Program Manager: Jos Cenens, Ph.D.
Opportunity: Licensing, product acquisition, contract research, proof of concept leading to scale-up manufacturing, joint development, supplier agreement, consulting
Timeline: Phase 1: Proof of Concept - 6 Months Phase 2: Commercial use by end of 2018
Financials: All financials details are to be negotiated
Solution Provider Help Desk: Email: PHD@ninesigma.com
NineSigma, representing a European food company, invites proposals for a method that can predict the impact resistance of thermoformed PET based food containers. The method is expected to work in real-time during the co-extrusion step where the multilayer sheets are produced or on finished sheets that are ready for the thermoforming step.
Packaging containers suitable for food are usually made from a sheet consisting of several layers of different materials. Such a multilayer structure where each layer has a different set of properties not only protects the food physically but also against moisture loss, contact with oxygen or microbial growth. Yet, containers made from different materials (e.g. PE layers coextruded with PP or EVOH) cannot easily be recycled because this results in a recycled resin with little value for the industry.
PET is an interesting packaging material for perishable food products as it can provide all needed protection for food without the need for other plastics. PET based containers can hence be recycled in a useful resin and reduce the consumption of virgin plastic and limit waste generation.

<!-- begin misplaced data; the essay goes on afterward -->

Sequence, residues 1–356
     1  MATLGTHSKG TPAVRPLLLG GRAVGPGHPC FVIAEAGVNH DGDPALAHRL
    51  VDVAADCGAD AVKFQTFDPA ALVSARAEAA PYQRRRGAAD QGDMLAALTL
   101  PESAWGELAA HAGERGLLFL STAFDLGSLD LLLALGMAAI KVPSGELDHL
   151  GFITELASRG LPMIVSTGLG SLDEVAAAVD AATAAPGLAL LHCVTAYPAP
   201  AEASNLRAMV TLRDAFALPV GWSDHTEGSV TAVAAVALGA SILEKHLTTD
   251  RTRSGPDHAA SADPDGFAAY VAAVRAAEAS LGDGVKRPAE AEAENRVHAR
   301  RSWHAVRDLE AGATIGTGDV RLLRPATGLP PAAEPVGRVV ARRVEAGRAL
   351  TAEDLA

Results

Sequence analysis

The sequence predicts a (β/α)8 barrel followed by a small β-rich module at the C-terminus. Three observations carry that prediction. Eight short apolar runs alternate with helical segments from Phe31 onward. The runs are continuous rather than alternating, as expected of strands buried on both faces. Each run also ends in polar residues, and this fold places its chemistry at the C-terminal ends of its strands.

NineSigma’s client is developing PET only food containers. The target is to develop three layer PET sheets that contain up to 90% of recycled PET (see the Figure for the target structure). The development has given a range of prototype sheets. Most target properties are achieved except for the impact resistance of the thermoformed containers. In this test a 2kg steel ball is dropped on the container from a height of 40cm. Over 50% of the first prototypes failed in this test. Changing the prototype design and using additives to enhance the properties helped, but they still see failures (between 15 and 30%). Up to now it has not been possible to determine a relationship between the rheological and mechanical properties of the extruded sheets and the impact resistance of the containers.
NineSigma’s client has issued this request to find out if there are variables that can be measured during sheet co-extrusion or on the finished sheet; variables that can be correlated with the mechanical strength and impact resistance of the thermoformed containers.
Anticipated Project Phases or Project Plan
Phase 1 – Proof of concept
Phase 2 – Commercial development
The successful proposal will:
Possible approaches might include, but are not limited to:
Any other uni or multivariate measuring system in sheets that correlate with impact resistance in final container
The following approaches are not of interest:
Your response should address the following:
Appropriate responses to this Request
Responses from companies (small to large), researchers, consultants, venture capitalists, entrepreneurs, or inventors are welcome. For example:
You represent a company that has expertise with producing PET parts and has a fast multivariate measuring set-up in use during extrusion
You represent a university research department that has a bench-scale demonstration of a sensitive sensor system that might be useful for this request